Letraset and Mute Records

Letraset user, 1978

Letraset user, 1978

Some products are inextricably infused with nostalgia. Letraset is one of them. Sheets of film that would be rubbed with the end of a pencil to give way to beautifully formed letters—as long as you had a steady hand and the patience of a saint.

Letraset launched its dry-transfer lettering system in 1961, and graphic designers and architects embraced it with gusto. But so did amateur bedroom publishers, where Letraset became de rigueur for music fanzines and school magazines.

Simon Garfield, author of Just My Type: A Book About Fonts and an early adopter of the technology, writes, “The range included all the standard popular fonts, but there was a sort of anarchic freedom to the wilder designs, something indelibly linked to the 1960s and ’70s, and now much used in retro branding.”

Mute Records first release in 1978 by The Normal, T.V.O.D. / Warm Leatherette

Mute Records first release in 1978 by The Normal, T.V.O.D. / Warm Leatherette. Image courtesy Discogs.

With their DIY philosophy, young punk rockers embraced Letraset for their gig posters and record sleeves. One interesting example is the 1978 Mute Records logo, its “walking man” plucked from a Letraset sheet of architectural symbols. Daniel Miller formed Mute Records as a vehicle to release his own single, “T.V.O.D.”/”Warm Leatherette,” under the moniker The Normal. The label, once home to Depeche Mode and Erasure, continues today—with Mr. Miller as its executive chairman—under the EMI banner.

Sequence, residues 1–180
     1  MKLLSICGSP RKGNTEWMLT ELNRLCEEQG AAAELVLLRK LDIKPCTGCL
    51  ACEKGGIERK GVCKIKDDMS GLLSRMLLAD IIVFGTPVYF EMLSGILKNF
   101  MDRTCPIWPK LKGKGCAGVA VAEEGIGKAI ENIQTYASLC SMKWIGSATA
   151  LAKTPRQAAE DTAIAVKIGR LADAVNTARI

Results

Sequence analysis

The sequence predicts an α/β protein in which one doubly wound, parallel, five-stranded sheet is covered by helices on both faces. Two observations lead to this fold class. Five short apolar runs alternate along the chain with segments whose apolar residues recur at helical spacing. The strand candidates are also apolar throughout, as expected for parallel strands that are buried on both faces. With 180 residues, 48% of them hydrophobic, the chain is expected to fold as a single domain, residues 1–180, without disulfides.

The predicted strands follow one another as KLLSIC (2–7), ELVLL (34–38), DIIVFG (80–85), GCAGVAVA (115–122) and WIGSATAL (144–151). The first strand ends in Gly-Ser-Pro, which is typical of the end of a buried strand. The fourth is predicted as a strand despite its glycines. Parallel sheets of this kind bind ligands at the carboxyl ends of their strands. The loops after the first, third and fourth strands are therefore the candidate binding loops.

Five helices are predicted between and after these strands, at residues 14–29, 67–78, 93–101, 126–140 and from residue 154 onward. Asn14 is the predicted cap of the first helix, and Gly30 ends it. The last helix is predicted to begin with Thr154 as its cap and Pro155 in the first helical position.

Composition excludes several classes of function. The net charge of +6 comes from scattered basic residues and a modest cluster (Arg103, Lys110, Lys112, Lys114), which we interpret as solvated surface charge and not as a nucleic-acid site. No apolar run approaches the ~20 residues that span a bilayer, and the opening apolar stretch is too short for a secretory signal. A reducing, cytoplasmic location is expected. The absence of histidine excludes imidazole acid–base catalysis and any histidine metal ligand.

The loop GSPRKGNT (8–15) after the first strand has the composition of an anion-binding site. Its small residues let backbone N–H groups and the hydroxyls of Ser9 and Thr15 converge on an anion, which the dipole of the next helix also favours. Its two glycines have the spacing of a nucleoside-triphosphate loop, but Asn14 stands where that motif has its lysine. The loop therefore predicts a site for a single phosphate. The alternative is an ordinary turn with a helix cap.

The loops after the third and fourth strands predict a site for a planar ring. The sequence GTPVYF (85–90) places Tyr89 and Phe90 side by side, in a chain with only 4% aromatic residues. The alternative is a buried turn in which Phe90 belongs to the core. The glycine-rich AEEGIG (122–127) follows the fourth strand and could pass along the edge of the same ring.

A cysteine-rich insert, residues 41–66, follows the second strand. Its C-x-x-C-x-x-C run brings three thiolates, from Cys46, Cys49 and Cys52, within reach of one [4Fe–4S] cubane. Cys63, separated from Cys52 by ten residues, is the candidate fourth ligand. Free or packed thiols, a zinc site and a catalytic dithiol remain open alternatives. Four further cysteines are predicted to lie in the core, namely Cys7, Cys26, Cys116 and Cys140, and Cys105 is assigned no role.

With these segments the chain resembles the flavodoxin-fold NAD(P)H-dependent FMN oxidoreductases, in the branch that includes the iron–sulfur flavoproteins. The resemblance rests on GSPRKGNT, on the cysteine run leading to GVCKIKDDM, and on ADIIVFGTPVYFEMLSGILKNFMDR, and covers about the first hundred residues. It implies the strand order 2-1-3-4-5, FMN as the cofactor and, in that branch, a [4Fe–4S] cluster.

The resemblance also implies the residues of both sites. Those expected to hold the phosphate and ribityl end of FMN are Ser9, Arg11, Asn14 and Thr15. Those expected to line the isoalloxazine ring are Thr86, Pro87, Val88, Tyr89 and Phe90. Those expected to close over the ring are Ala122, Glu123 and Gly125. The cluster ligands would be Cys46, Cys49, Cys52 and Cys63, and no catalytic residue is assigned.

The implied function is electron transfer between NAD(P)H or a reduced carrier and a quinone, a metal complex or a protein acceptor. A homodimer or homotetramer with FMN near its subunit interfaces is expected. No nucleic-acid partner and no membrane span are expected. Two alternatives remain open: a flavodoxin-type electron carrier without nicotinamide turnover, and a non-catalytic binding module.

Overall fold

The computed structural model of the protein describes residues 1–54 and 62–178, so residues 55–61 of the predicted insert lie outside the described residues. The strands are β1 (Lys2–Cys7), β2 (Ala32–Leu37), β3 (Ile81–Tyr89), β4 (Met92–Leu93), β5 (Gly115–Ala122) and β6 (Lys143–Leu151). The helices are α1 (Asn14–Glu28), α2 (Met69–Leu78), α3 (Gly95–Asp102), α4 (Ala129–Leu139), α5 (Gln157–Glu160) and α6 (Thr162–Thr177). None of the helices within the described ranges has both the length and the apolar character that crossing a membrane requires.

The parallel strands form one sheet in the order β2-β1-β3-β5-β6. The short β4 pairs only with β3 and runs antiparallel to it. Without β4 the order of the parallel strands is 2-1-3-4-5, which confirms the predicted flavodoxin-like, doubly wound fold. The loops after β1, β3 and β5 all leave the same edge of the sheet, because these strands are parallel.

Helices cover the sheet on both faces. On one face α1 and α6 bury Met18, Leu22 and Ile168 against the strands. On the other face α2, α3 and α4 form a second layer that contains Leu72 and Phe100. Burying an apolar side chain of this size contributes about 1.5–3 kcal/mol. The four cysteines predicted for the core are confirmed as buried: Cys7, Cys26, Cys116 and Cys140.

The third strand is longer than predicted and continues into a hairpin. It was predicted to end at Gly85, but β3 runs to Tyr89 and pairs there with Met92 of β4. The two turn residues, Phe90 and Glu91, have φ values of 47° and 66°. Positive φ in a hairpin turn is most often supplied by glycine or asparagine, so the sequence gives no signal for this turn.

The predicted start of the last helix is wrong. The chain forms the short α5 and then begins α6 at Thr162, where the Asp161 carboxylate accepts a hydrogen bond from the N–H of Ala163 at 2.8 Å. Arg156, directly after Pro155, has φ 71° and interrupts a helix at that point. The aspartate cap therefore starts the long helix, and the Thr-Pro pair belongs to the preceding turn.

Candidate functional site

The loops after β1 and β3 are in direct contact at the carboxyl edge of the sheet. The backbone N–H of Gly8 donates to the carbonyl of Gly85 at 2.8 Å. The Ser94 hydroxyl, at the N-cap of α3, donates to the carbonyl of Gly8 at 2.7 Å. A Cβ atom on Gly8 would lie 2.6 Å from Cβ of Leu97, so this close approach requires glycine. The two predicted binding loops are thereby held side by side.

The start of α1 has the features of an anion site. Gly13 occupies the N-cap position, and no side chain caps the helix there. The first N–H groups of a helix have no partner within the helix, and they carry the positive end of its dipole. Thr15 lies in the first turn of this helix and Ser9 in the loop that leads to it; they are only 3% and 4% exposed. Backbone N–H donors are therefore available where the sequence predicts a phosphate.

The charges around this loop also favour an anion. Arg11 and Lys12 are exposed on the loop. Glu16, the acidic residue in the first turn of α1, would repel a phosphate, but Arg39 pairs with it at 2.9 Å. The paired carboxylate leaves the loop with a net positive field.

Letraset history courtesy BBC News
Mute Records history courtesy Ibiza Voice

Arro French Restaurant

Chef behind 24 Diner and Easy Tiger brings French-country restaurant Arro to West Sixth Street

Arro French Restaurant, Austin, logo

The Arro logo takes its inspiration from Bayer’s aspirin tablet (apparently)

Opening July 20, 2013 in Austin, Texas, is a casual French restaurant from the ELM Restaurant Group (24 Diner, Easy Tiger). Chef Drew Curren and his group have had great success with their mash-up bakery/artisan sausage/beer garden Easy Tiger on East Sixth Street downtown, and round-the-clock 24 Diner on Lamar Boulevard next to Waterloo Records.

They enter the world of French bistro food this week with Arro, located in between their two existing restaurants, at 601 West Sixth Street in the old Haddington’s location. The restaurant, which has undergone a transformation to open up the previously compartmentalized space, will open Saturday.

Arro French Restaurant, Austin, Texas

Their Facebook page displays some impressive branding imagery, including hand-brushed calligraphy (seen above) and the elegant script channel letter signage on the building (below).

Arro French Restaurant, Austin, Texas

Courtesy Austin360 and Austin Eater

Arro French Restaurant
601 West Sixth Street, Austin, Texas 78701
(512) 992-2776

The stories behind automaker logos

BMW's emblem denotes propellers against a blue skyThe How Stuff Works website recently posted an interesting article about automaker logos and the stories behind them. Many of the histories I was already familiar with, but many of them were surprising. For instance, I got that the Acura “A” is a caliper, a tool that suggests “precision engineering.” And that several badges feature coats of arms (Alfa, Buick, Cadillac, and Porsche). I was also aware that BMW’s center represents airplane propellers. But I was pleased to discover that the Chevrolet “bowtie” was inspired by French wallpaper.

Browse the article to find your favorites, though some—Ford and VW, in particular—chose not to participate. However, I can reliably report that Ford uses a variation of the hand-lettered script developed in 1912 for use on its Model “T” badge.

Starbucks changes logo

Starbucks logos through the yearsIn March Starbucks will celebrate its 40th anniversary and rollout a “new” logo  (not actually new—a stripping away of the word ring, leaving the familiar siren unchanged but now in green).